Isaak Phillips has played 16 games this season for the Rockford IceHogs

In some aspects, Blackhawks prospect Isaak Phillips has followed a typical hockey path.

His mother is Finnish. He grew up an hour outside Toronto. He worked his way up through Canadian juniors, including two years with Sudbury of the Ontario Hockey League. He was drafted by the Hawks in the fifth round in October and signed his NHL entry-level contract March 31.

In other aspects, however, Phillips’ background and path have been different. He is Black. His father hails from the Caribbean island of St. Vincent. And, in 2018, he played on what was essentially the first Jamaican hockey team.

‘‘That was a pretty awesome experience to have a team full of kids that look like you,’’ Phillips, 19, said. ‘‘You look around, and everyone looks the same. It was a fun summer tournament and hopefully something that can put Team Jamaica on the map.’’

Jamaica became an associate member of the International Ice Hockey Federation (IIHF) in 2012, and the momentum to grow hockey in the island nation of 2.9 million has taken off in recent years.

It started with that 2018 team, which competed in the Team Elite Prospect Hockey Showcase tournament in Toronto and won, going undefeated in eight games.

‘‘We needed to go ahead and field a team ourselves, so we could show people that this was a probable idea,’’ said E.J. Phillipps, the co-founder and CEO of the Jamaica Olympic Ice Hockey Federation (JOIHF). ‘‘Isaak did a tremendous job coming and really helping elevate the team — and himself, as well — to get the maximum exposure for us to move forward.’’

Team Jamaica at the 2018 TEP Tournament celebrates their championship

That team was made up of Canadian-born under-20 players with various Caribbean ancestries. In the time since, however, the JOIHF has expanded its player-outreach programs enough that it now uses only players with specifically Jamaican ancestry.

Board member Gary Smith said it has developed a 75-player prospect list spanning Canadian junior leagues, college hockey conferences and pro minor leagues.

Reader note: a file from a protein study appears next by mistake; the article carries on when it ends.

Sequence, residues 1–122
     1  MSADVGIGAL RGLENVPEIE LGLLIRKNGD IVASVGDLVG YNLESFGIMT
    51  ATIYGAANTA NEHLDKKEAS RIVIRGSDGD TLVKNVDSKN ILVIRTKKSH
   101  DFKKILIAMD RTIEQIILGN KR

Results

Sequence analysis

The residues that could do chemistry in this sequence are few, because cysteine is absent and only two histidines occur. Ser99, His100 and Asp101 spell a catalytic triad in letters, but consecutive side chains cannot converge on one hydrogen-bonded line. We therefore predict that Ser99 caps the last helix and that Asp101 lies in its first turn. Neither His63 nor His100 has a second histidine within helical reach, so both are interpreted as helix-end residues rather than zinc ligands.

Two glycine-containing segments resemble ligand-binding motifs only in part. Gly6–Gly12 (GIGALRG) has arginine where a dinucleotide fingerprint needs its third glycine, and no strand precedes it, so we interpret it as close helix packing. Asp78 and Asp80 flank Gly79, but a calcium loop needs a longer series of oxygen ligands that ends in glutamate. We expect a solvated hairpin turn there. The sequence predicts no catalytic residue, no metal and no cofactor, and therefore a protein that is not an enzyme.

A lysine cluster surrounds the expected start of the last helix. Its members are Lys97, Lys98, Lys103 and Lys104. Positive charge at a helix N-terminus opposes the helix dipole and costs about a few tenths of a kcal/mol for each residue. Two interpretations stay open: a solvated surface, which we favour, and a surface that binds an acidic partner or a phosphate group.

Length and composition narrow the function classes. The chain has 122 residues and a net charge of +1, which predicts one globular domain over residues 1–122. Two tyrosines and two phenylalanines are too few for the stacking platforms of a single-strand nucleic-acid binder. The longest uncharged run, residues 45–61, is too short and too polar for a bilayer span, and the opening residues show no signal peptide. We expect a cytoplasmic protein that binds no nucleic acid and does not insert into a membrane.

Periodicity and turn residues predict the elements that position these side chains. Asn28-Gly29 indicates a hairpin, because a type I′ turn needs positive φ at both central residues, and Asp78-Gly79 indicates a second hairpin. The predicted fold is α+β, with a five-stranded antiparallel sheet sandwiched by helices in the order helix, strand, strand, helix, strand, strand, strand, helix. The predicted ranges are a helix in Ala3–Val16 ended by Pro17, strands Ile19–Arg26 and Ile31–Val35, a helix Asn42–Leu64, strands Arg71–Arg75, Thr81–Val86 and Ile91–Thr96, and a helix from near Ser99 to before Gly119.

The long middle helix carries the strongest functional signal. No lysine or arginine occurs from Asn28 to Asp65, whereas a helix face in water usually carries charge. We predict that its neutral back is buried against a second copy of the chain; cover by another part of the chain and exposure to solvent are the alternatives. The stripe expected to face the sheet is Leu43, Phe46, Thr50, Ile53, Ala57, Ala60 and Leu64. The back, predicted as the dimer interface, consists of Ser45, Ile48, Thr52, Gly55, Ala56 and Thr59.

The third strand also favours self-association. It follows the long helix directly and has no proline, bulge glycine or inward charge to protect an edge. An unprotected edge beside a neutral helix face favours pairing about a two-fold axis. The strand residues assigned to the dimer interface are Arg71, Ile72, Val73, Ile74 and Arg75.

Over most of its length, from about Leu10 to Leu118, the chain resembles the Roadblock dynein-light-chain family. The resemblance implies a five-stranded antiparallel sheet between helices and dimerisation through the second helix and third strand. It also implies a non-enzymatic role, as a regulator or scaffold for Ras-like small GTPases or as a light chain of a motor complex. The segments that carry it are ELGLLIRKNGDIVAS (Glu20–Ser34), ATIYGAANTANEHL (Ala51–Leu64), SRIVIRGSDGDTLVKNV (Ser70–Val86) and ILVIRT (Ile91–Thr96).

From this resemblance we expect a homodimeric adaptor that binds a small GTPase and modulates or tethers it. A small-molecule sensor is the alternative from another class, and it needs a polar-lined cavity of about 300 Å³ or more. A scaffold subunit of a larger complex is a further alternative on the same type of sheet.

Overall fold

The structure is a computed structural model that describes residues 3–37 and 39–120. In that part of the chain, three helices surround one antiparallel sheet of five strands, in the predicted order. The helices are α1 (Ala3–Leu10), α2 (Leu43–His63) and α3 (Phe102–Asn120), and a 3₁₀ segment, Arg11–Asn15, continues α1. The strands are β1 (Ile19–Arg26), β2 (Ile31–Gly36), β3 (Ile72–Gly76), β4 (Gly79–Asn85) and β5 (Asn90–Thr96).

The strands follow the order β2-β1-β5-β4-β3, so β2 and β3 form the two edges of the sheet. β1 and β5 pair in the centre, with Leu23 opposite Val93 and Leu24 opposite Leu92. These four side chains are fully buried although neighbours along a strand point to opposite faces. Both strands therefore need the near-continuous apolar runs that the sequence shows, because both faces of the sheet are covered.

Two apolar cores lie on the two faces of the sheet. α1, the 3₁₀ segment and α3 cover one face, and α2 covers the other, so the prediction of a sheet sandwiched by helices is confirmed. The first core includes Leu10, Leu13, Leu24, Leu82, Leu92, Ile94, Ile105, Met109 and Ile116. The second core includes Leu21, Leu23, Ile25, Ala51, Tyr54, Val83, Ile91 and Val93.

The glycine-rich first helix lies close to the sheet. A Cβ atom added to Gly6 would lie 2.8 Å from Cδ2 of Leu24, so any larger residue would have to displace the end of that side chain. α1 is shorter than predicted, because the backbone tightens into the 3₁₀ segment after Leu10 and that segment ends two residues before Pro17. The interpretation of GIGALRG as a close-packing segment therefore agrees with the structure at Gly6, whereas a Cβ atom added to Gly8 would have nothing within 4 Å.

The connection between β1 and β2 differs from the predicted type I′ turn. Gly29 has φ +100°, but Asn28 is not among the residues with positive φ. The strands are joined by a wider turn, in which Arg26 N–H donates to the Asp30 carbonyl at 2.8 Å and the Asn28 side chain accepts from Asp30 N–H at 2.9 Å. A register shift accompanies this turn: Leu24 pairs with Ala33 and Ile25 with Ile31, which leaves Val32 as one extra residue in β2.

Jamaica fielded a roster in the 2019 LatAm Cup — a tournament in Florida that included 21 teams from Central and South American countries — and won that tournament, too. After the 2020 edition was canceled because of COVID-19, it will seek to defend its title in October.

And Jamaica has its eyes on greater heights, including Olympic participation. The JOIHF has designed and is raising money for a multipurpose ice rink in Kingston, which would allow the country to become a full IIHF member. And it debuted a hockey class with 42 students enrolled this semester at G.C. Foster College in Spanish Town.

The goal is to develop a national hockey program similar to that of Mexico, which has competed in the IIHF’s Division II World Championships since 2000 and has about 2,700 registered adult players.

‘‘[We want] to continue to grow the program at the grassroots level in Jamaica, which would start with a street-hockey, roller-hockey transition scenario, developing young children at the school level,’’ Smith said. ‘‘Five years from now, hopefully the rink will be built and we’ll have learn-to-skate and learn-to-play hockey programs.

‘‘That’ll really be the start, genuinely, of Jamaican-born players developing into legitimate ice-hockey players.’’

Phillips can take pride in his contributions to the start of this movement. He has become the first JOIHF alum to sign an NHL contract and hopes to become the first to play in the NHL in the not-too-distant future.

Special rules during the pandemic gave Phillips the rare opportunity to play in the American Hockey League this season as a 19-year-old, and he admitted he arrived in Rockford with ‘‘pretty low expectations.’’ He wasn’t sure whether he was just there to practice and improve under the Hawks’ development staff or whether he would play in regular-season games.

It turned out to be the latter. The 6-3 defenseman has played in 16 of the IceHogs’ first 21 games, recording six points and learning how to adapt to the next level.

‘‘You just learn to think the pro game,’’ Phillips said. ‘‘In junior [hockey], you can get away with some stuff — an extra move or holding on to [the puck] for an extra second. But here, everything is going quick, quick, quick. Everyone in this league can play at the next level and everyone is fighting to get there, so you just learn little tendencies and little tips and tricks: how to move the puck quicker, how to use your body.

‘‘I try to learn something new after each game . . . and then I try to be a quick study, get that into my game right away and show them I can be really coachable.’’

When Phillips received the contract offer late last month, he called his parents to break the news, and ‘‘some tears of joy’’ were shed.

The three-year deal officially kicks in next season. Phillips knows he’ll be back in the AHL next fall, but he’s hoping to make his NHL debut at some point during the season.

That would make history for Team Jamaica, but Phillips hopes it eventually won’t be seen as notable at all.

‘‘We are coming up in the sport,’’ he said. ‘‘As you see more Black players in the game, it’s going to help out the younger generations. For me, I know when you see a couple of Black players in the NHL, it inspired me to keep chasing my dreams.’’